April 28, 2014

Our View: Society, NBA have no room for Donald Sterling’s beliefs

It’s time for a new generation of NBA fans to abandon repugnant attitudes such as that of Los Angeles Clippers owner Donald Sterling.

It has been more than a generation since Donald Sterling bought the Los Angeles Clippers, and for almost that long he has been an embarrassment to the NBA.

There was the time he is said to have asked a potential coach “why you think you can coach these n------s.” There was the time he is said to have told one of his property supervisors he didn’t want to rent to Latinos and African Americans because the former “sit around and smoke and drink all day,” and the latter “smell.”

There was the complaint, from basketball great Elgin Baylor, that Sterling wanted a “Plantation-type structure” in which “poor black boys from the South” labored under a white coach.

There were the sexual harassment lawsuits, and the players’ complaints that he brought women into the locker room to “look at those beautiful black bodies” while his employees were showering.

So it’s no surprise that the now-80-year-old billionaire with the gold chains and perpetual tan is once again being accused of boorish, racist behavior. In fact, in this era of ubiquitous digital recording, it’s not the least surprising that he has purportedly been caught on tape.

What is surprising – in a good way – is the swiftness with which the world has reacted this time. When the Cincinnati Reds’ owner Marge Schott was caught in 1992 making racist comments, it took seven years for Major League Baseball to force her to sell her majority interest in the team.

After gossip site TMZ.com posted the recording of a man identified as Sterling telling his biracial girlfriend to stop being seen with other black people, it took less than 36 hours for everyone from President Barack Obama to Sterling’s employees to express their revulsion. The Los Angeles chapter of the NAACP, on the verge of honoring Sterling for second time in five years for his civic contributions, wisely decided not to enable another reputational whitewash.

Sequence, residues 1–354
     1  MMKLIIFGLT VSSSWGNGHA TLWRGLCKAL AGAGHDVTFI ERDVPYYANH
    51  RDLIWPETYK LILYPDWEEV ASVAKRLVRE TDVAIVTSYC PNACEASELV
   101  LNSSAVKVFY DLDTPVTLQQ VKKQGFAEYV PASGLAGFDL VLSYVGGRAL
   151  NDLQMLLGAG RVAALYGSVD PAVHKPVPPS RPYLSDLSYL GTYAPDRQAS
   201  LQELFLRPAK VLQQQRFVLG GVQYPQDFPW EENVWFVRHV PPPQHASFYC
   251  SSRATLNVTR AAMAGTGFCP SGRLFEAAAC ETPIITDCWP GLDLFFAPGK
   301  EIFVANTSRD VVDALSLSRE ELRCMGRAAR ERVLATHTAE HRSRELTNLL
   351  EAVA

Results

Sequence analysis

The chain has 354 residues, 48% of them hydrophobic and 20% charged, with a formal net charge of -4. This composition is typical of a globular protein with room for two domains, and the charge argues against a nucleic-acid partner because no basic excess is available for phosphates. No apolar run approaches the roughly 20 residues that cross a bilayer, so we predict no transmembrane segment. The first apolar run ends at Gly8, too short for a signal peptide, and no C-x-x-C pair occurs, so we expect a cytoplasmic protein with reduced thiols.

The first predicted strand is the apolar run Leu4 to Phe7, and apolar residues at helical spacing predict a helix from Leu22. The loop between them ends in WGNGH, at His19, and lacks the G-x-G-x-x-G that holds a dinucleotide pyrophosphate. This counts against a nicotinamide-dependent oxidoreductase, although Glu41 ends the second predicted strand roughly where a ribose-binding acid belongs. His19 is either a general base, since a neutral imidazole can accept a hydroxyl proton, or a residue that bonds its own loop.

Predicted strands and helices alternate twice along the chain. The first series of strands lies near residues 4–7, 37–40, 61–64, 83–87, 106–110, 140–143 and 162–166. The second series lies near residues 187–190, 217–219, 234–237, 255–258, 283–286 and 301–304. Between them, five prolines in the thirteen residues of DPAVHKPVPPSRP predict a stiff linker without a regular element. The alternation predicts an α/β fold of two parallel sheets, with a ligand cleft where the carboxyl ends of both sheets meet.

Sacramento Mayor Kevin Johnson, a former NBA All-Star, denounced him on behalf of the Players Association. Sterling’s estranged wife, who reportedly has been meeting with divorce lawyers, spoke out against him.

The Clippers turned their warm-ups inside out, donned black arm bands, then went out and lost to the Golden State Warriors in the playoffs. State Farm and CarMax said Monday that they were suspending their sponsorships. New NBA Commissioner Adam Silver has promised a speedy investigation and a quick response from NBA owners. He must keep that promise.

Assuming the tape is authentic, the owners should do whatever they need to do to get rid of Sterling, ugly litigation included. It’s a new world, and the NBA has a new image, one that is global and multicultural and inclusive.

“We must have zero tolerance,” Sacramento Kings’ owner Vivek Ranadive, part of the NBA’s new brand, tweeted. He’s right.

Whole worlds can change in a generation. It’s time for this generation to leave behind Sterling and his repugnant beliefs.

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